Futa Djallon’S marriage party

October 31, 2009
1 min read

JOURNALISM often has its lucky moments; those periods when the reporter chances upon what might seem insignificant but could become a useful story. I had been travelling in the Futa Djallon this cool morning, we lef tthe hotel in Labe, the capital of the Futa Djallon. Our destination was a small village on the fringes of the city where a very revered scholar and historian resides. I got my interview and we were to return to check out of the hotel, when I saw a party of women in a park inside Labe. I told the driver to stop for me to find out just what was happening. The women were all colourfully dressed and they had an  accompanying local group of musicians.There must be some ceremony and indeed there was!

It was a young girl said to be 17years old, who was been serenaded just before she was taken to her husband’s house. Could I take pictures? Well some of the women were not too sure I could, while  others agreed if I would give the party some money. There was some method to the proceedings: a group of two to four women will be in a circle of the entire group of women and they would vigorously dance to the heavy rhythms supplied by the band. The singing was typically call-response and there was synchronized clapping by all the women. That goes on for a couple of minutes and the dancing group retreats for a new set of women and the same process was repeated. This goes on for as long as the group can.

In the meantime, the maiden, who is said to be a virgin, is seated a few meters away from the group and has another woman holding an umbrella on her head. The umbrella is festooned with currency notes and there was no doubt that she was at the heart of the ceremony. I moved close and sought permission to take a picture of her; she refused. I offered to pay just asothers had been giving her money, but she was not yielding. Even her chaperon gently encouraged her to accept to take the picture but each time I tried to take the pictures she would cover her face.That went on for as long as we were there on that spot. I took pictures but did not get a shot of the maiden’s face. Of course I knew that this wasFulbe country and modesty is at the heart of the culture.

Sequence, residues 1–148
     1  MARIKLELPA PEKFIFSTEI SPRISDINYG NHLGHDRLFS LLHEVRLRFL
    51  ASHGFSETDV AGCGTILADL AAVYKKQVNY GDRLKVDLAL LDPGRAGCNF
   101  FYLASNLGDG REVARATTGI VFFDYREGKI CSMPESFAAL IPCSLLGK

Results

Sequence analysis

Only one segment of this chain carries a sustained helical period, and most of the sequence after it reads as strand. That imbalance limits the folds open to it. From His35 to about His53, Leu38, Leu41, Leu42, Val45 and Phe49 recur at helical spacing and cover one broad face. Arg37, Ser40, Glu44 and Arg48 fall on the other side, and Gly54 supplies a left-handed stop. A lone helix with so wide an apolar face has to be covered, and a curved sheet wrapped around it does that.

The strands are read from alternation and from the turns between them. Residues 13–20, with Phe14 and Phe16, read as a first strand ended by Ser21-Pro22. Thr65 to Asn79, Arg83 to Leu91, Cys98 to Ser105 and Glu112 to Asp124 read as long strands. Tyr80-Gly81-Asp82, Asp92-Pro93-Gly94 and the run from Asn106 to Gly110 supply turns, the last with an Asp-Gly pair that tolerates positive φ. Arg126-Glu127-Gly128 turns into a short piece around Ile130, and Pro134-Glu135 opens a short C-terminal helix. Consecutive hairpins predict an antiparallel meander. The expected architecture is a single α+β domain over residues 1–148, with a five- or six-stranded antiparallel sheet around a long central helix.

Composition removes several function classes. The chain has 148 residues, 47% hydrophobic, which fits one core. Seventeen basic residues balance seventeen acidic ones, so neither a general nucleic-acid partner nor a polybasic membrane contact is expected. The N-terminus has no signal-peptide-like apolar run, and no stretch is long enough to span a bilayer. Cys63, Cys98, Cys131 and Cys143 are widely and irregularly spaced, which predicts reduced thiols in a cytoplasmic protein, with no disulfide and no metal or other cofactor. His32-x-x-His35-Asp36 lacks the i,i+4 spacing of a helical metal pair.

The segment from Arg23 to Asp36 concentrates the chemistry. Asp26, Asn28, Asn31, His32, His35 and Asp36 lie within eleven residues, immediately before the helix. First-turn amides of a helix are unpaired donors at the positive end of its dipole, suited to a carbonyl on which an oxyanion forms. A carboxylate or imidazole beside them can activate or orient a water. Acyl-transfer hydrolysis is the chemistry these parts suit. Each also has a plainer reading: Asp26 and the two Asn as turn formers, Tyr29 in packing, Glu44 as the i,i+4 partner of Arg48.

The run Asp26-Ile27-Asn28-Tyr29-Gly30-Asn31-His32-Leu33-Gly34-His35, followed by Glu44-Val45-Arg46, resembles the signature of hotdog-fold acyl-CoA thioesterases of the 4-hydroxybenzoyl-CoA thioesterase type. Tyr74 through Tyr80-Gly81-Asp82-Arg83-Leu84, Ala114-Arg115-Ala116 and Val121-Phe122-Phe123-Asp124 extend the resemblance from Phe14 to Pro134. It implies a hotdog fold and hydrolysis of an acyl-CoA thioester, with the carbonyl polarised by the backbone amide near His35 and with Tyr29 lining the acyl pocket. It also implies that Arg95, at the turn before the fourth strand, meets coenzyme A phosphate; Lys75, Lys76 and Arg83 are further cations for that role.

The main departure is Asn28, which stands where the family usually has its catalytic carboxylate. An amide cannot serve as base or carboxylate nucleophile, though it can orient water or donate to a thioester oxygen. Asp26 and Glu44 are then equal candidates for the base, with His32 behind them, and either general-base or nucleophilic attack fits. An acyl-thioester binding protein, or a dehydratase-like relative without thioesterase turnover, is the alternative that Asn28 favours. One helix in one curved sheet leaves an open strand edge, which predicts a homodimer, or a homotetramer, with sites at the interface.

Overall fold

The lady wanted only her husband to see her face and even an ‘intrusive’ journalist’s camera will not change that fact! That is how things are done in the Futa Djallon! There is a continued fidelity to culture and that much I saw with the marriage party I encounteredin Labe, the capital of the Futa Djallon.

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